If Everyone But Your Child Has Their COVID-19 Vaccine, Is Summer Travel Safe for Your Family? - Ridgefield Moms

By: John R. Schreiber, MD, MPH

So your family is ready for a change of scenery, and the adults and older teens are fully vaccinated. But what if your younger child is still waiting on their COVID-19 vaccine?
Before you make any spring or summer travel plans, Connecticut Children’s infectious disease expert John R. Schreiber, MD, MPH, has guidance.

*(Originally published in May of 2021. Updated May 11, 2022 for accuracy.)

Before planning a family vacation with a child who isn’t vaccinated, weigh the risks.

The CDC advises that unvaccinated children use caution when traveling and wear a mask indoors when COVID community spread levels are high.

If your family is considering taking a trip, you should think carefully about three things:
1. Your child’s risk factors
2. Your destination’s risk factors, and;
3. Your comfort level with all of it.

1. Consider your child’s risk factors for COVID-19.

Does your child have any health conditions that put them at higher risk for severe illness from COVID-19 – like immunosuppression, diabetes or chronic lung disease?

If so, it may make sense to take a rain check on travel until your child is fully vaccinated. Otherwise, your family vacation could expose them to people and situations where the virus and its variants spread more easily. If travel is necessary, then use appropriate precautions like mask-wearing indoors, separating from other people if there is a crowd outdoors, and avoiding indoor events that are in a poorly ventilated building.

2. Consider your travel destination’s COVID-19 risks.

  • What is the community spread of COVID-19? Do your research, and avoid any places that are experiencing surges, if possible.
  • How will you get there? Domestic air travel is now considered low risk for fully vaccinated individuals, but that’s not the case for unvaccinated kids. Shorter drives are your family’s safest bet for transportation during the pandemic, since you’ll have control over your environment except for one or two brief rest stops. Airplanes, trains, cruises and buses are higher risk, since your unvaccinated child could be in close proximity to other unmasked people, sometimes for hours.
  • Are your planned activities relatively low risk? If you can plan ahead for timed museum passes that allow for social distancing, or outdoor activities like hiking on a less-traveled trail, you can minimize the risk of your child coming into contact with COVID-19.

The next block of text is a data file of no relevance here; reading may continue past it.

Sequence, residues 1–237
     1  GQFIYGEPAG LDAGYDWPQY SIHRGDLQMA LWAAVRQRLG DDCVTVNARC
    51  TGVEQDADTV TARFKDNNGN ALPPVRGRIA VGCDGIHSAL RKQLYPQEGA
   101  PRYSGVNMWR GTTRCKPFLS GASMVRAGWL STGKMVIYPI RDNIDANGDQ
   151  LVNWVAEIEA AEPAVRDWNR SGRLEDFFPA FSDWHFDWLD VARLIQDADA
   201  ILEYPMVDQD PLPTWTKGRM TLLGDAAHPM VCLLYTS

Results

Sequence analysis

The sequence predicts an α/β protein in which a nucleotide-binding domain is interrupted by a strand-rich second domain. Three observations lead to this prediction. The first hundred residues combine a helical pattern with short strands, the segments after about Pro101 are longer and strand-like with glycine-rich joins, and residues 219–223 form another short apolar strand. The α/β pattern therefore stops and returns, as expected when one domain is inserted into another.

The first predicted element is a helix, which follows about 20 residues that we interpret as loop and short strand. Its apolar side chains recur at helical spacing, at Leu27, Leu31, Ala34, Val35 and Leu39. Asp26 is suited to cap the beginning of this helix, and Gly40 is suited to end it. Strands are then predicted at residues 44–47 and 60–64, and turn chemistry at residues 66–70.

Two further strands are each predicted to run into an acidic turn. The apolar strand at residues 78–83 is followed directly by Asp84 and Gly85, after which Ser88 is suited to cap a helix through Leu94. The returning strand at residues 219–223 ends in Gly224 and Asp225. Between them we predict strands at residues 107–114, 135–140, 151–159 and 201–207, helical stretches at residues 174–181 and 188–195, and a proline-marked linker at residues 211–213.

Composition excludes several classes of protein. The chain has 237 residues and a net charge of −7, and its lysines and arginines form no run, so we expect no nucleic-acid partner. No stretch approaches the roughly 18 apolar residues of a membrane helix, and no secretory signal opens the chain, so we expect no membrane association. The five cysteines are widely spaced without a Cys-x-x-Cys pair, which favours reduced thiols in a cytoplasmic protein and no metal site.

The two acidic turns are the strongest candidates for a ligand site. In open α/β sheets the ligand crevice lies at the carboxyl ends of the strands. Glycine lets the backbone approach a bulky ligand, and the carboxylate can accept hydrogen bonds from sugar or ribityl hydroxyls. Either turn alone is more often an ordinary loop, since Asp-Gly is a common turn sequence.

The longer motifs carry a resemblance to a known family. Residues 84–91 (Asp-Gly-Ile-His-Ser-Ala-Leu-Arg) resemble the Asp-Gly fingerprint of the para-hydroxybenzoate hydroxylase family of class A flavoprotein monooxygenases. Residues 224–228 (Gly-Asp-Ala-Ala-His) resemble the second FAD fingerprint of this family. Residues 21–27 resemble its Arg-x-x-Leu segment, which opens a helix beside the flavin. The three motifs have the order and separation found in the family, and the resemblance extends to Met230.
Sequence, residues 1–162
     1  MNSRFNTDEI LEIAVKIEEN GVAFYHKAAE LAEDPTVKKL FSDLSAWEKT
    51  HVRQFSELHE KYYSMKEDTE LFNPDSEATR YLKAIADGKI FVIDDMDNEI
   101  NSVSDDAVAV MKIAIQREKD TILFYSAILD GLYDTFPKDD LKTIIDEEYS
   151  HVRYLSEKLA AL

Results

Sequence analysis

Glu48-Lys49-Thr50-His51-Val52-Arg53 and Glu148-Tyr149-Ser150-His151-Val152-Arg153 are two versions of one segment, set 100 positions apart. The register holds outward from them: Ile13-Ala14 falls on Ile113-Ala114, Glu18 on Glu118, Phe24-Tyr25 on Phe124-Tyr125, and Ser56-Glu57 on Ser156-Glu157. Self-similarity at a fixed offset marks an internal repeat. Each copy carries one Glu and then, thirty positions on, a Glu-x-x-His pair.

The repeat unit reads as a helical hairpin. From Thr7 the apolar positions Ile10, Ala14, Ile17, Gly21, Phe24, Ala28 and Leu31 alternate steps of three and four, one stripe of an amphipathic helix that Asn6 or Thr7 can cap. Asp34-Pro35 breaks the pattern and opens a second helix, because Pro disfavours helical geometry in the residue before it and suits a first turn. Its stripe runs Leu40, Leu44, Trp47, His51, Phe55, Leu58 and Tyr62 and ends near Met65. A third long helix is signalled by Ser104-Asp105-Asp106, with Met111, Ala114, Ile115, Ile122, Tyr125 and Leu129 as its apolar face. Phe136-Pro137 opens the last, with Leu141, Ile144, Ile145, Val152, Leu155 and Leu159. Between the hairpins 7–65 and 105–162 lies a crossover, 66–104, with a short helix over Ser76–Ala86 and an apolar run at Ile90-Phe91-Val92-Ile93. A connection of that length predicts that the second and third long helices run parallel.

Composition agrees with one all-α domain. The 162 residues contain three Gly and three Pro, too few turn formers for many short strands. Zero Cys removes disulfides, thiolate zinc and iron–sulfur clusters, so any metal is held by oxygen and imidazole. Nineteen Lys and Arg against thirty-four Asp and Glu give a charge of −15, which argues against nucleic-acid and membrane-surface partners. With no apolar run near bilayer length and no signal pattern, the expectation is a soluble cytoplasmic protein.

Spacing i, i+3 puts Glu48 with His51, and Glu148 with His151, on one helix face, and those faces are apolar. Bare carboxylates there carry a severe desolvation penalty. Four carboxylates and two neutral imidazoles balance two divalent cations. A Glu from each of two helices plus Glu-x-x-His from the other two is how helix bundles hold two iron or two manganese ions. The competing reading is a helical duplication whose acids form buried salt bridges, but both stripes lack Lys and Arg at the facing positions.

• Will your family have a private place to stay? The fewer people that unvaccinated kids come into close, extended contact with, the better. So ideally, opt to stay at a private vacation rental or the home of a fully vaccinated loved one. If you’re headed to a resort or hotel, make sure you can take precautions to stay distanced from other guests, whether that’s in the lobby or around the elevators.

3. Consider your own comfort level with travel risks.

Your family may have lots of reasons they want to travel this spring and summer – among them, the chance to see long-distance (vaccinated) loved ones, or just to have an adventure after so much time stuck at home. If you can take the right precautions to control the risks, that choice may make sense for your family.

Or you may weigh the options and decide to wait until your child is fully vaccinated. That’s always your safest choice, and there are lots of ways to recreate travel experiences at home. It’s important to stay cautious and within your comfort zone.

Travel or not, start preparing for a COVID-19 vaccine for your child.

While most kids experience only mild illness with COVID-19, it’s possible for some children to become very sick or even die.

So whether you’re at home or on vacation, please make sure any unvaccinated kids continue masking, social distancing and handwashing – and plan on getting their COVID-19 vaccine as soon as one becomes available for their age range.

Stay safe and healthy.

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